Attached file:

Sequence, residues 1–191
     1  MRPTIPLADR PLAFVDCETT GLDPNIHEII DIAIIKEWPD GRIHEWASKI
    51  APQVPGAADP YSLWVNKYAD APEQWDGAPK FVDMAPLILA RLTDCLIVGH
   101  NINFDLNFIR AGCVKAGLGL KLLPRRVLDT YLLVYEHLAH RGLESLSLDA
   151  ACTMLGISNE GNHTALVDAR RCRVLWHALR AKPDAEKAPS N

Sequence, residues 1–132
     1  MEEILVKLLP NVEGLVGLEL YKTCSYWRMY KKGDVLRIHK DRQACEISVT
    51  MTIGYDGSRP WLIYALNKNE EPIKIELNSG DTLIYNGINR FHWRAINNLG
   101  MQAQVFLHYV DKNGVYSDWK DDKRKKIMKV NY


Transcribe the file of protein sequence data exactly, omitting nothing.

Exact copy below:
Sequence, residues 1–191
     1  MRPTIPLADR PLAFVDCETT GLDPNIHEII DIAIIKEWPD GRIHEWASKI
    51  APQVPGAADP YSLWVNKYAD APEQWDGAPK FVDMAPLILA RLTDCLIVGH
   101  NINFDLNFIR AGCVKAGLGL KLLPRRVLDT YLLVYEHLAH RGLESLSLDA
   151  ACTMLGISNE GNHTALVDAR RCRVLWHALR AKPDAEKAPS N

Sequence, residues 1–132
     1  MEEILVKLLP NVEGLVGLEL YKTCSYWRMY KKGDVLRIHK DRQACEISVT
    51  MTIGYDGSRP WLIYALNKNE EPIKIELNSG DTLIYNGINR FHWRAINNLG
   101  MQAQVFLHYV DKNGVYSDWK DDKRKKIMKV NY